After UK, TNB bids for more RE projects in Europe

KUALA LUMPUR: Tenaga Nasional Bhd via its New Energy Division (NED) is focused on exploring new markets to grow its renewable energy (RE) portfolio by building capability and gain access to technology and market knowledge, president and chief executive officer Datuk Baharin Din said.

TNB Renewables Sdn Bhd will focus on Southeast Asia - exploring new markets that include Thailand, the Philippines, Vietnam, Taiwan, South Korea and Australia, and Vantage RE Ltd will focus on the UK and Europe - with new markets that include Spain, Ireland and France.

"We are already bidding. We have submitted proposals in Ireland and Australia so far, some of which the results will be known within this year,” he said at the editor’s media briefing here today.

"As we speak, there are ongoing work on this,” he said, adding that on all the current bids, TNB was going alone, but open to the idea of collaboration in term of funding with other Malaysian companies.

TNB is also eyeing Spain and France, he said.

There is huge potential in Europe due to its green energy commitment.

"We are going in as investor as well as a utility player. We are going into countries that are matured and we can learn from (technology transfer) including the process of commercialisation.”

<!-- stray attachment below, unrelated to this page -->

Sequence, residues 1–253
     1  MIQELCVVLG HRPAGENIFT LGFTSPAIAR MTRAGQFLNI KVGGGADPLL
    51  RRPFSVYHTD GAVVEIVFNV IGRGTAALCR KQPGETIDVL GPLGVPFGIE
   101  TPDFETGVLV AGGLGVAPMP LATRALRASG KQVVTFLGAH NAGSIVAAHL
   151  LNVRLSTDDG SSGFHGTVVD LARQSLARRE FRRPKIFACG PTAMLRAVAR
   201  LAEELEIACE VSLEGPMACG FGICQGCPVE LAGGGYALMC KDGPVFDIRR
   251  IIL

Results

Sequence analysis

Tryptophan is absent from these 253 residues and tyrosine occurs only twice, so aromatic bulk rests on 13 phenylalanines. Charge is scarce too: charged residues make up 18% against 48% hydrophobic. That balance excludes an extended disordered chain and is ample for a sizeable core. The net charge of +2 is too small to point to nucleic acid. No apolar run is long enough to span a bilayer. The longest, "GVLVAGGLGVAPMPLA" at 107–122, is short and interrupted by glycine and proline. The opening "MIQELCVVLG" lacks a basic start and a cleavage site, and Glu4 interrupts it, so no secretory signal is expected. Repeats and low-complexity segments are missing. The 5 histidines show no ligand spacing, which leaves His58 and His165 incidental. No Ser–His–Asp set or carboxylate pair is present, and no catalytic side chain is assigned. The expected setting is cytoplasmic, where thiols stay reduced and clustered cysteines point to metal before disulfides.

Vantage RE had recently completed a GBP275 million (RM1.5 billion) financing exercise through refinancing of its Vantage Solar UK (VSUK) portfolio of solar power plants in the United Kingdom.

The 365 MW solar portfolio comprises 24 ground-mounted solar PV plants located across England and Wales, and makes an important contribution to the UK’s supply of clean energy.

Baharin said TNB then intended to bring this technology to Southeast Asia and other potential markets.

He said NED’s strategy is anchored on moving into greenfield development of RE assets to increase returns and optimise funding through capital recycling as well as tapping into global capital markets for RE investments.

It also aims to increase participation in solar, offshore and onshore wind to potentially capture 14 GW of RE capacity by 2050, he said.

Asked on the domestic market, Baharin said there were limitations, "the total RE you can get in any system is 30 per cent of solar power, the rest of the day you need conventional power”.

"So, you can even talk about 700MW of solar power, but only for 5 hours.”

Hence, due to the kind of limitation any country will limit the RE capacity and for Malaysia is between 25 per cent and 35 per cent.

"Because of that technical limits, we have to be elsewhere if we want to grow our RE.” - Bernama

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